A blog for better streets and public spaces in Portland, Maine.

Tuesday, June 7, 2011


Ten years after the City published its "New Vision for Bayside," and three years after the financial collapse scuttled a competitive slate of development proposals for the neighborhood, the empty, city-owned lots along Kennebec Street finally have a new owner.

The Federated Cos. now own five separate building lots between Somerset Street and the Bayside Trail. Details are still in the works, but city planners have verbally described plans to build mixed-use buildings and (in the first phase of development) a 500-car parking garage subsidized by the city and federal governments.

The Federated Cos. website shows a portfolio of mostly architecturally bland apartment complexes (although a planned reuse of a historic mill site in Worcester looks like a more interesting and creative project) and only a limited focus on retail and office development.

Still, even a vanilla mid-rise apartment building would be an improvement for lower Bayside, where there's already an abundance of retail services and office space, and not that many apartments. Adding a lot of housing to these blocks will add a lot of housing within easy walking distance of three big supermarkets, a pharmacy, the trail, and downtown Portland's jobs. And even the blandest architecture is better than an empty, trash-strewn lot.

The city has built incentives into the sale agreement to make sure that Federated actually builds something instead of just land banking the property: " Federated would have six months to get permits and approvals for its development plans, or pay $3,000 each for up to three 30-day extensions," according to the Press Herald, and City Hall will also have the right to buy back the property at the same price if nothing happens within 2 years of site plan approval.

Photo of the Elm Street sidewalk near Marginal Way by Corey Templeton, from his Walk Around Portland blog. This is at the western end of the newly-sold property, and the only way to get to Trader Joe's, due to landlord Peter Quesada's spite fence.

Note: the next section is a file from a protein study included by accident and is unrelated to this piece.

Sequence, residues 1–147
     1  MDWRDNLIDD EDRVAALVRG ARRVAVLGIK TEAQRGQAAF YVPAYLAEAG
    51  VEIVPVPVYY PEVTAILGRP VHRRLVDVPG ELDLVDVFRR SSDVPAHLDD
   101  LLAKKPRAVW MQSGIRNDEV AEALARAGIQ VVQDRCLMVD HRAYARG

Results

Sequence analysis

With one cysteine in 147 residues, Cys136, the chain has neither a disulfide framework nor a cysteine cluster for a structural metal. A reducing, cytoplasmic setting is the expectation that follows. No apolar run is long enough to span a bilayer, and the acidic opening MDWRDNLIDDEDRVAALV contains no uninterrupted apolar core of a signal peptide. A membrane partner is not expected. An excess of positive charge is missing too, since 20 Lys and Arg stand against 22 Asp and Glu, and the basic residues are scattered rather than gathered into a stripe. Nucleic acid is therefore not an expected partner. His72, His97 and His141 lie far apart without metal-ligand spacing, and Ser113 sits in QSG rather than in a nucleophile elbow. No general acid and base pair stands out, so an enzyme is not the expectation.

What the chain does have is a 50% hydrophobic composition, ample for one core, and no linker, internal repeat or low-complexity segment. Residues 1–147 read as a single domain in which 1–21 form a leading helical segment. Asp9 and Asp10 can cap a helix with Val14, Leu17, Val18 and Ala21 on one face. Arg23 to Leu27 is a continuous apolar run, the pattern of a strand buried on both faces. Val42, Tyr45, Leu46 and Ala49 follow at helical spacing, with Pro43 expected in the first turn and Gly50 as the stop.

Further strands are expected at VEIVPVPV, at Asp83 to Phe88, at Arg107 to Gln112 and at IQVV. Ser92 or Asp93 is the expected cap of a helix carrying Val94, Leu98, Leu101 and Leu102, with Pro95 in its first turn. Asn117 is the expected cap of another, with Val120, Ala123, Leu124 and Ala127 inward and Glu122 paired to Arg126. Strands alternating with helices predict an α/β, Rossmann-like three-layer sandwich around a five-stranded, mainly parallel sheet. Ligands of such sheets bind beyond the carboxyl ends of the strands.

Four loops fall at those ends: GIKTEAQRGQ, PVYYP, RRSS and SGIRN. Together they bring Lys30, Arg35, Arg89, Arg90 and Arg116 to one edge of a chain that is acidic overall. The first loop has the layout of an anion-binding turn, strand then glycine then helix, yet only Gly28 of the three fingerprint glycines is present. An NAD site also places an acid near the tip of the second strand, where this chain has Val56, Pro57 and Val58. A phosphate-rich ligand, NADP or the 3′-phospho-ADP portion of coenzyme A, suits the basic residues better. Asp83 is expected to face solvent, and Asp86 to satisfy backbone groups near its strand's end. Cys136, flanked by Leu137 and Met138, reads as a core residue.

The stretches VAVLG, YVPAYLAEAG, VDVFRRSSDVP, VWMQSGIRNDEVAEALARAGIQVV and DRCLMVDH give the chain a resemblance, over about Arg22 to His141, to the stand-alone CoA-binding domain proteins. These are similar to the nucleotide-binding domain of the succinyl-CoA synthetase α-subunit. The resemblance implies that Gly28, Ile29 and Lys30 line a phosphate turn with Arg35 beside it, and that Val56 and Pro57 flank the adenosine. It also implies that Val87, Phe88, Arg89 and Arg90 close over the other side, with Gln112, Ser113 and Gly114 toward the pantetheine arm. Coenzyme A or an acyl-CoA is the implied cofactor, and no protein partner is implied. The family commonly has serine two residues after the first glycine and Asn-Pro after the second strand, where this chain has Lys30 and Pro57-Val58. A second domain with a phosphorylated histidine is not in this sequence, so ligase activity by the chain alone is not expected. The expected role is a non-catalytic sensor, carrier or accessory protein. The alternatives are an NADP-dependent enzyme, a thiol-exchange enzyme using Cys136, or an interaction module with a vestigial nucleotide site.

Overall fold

While the fast-track provisions are designed to make Bayside more of a neighborhood, I'm also a little concerned that the city's anxiousness to build something will come at the sacrifice of getting a better project for the long term. Also, there's the fact that infrastructure in the neighborhood doesn't match the city's ambitions for a walkable, transit-oriented district: bus routes haven't been adjusted or expanded (even though thousands of new workers and residents have arrived in recent years), sidewalks are broken and discontinuous (see image at right), and the Bayside Trail, while nice, is not particularly useful as a transportation connection (thanks to bad design and idiot landlords like Peter Quesada, who erects chain-link fences in order to inconvenience his tenants' customers).

In an ideal world, the Federated Cos. would realize that they could reduce their parking costs and add value to their own project by making small improvements to the streets and sidewalks adjacent to their property, and thinking creatively about the empty and under-utilized spaces in the surrounding blocks. I have some ideas on that score that I'll write about here soon...


will said...

Agreed-- that style of architecture is called "boston generic," (look west riding the downeaster into boston sometime...) We'd obviously need to put up a couple more starbucks, and setup dedicated netflix return boxes in the area, once it is finished.

Why not put up a spatula factory instead?

Ari said...

I was in Trader Joes today and commented on the "spite fence." I am going to wage an all-out war (of words) against Peter Quesada. Did you realize he's an advisory trustee to the Maine Audubon Society? Perhaps they should get a nice letter about how he hates good things.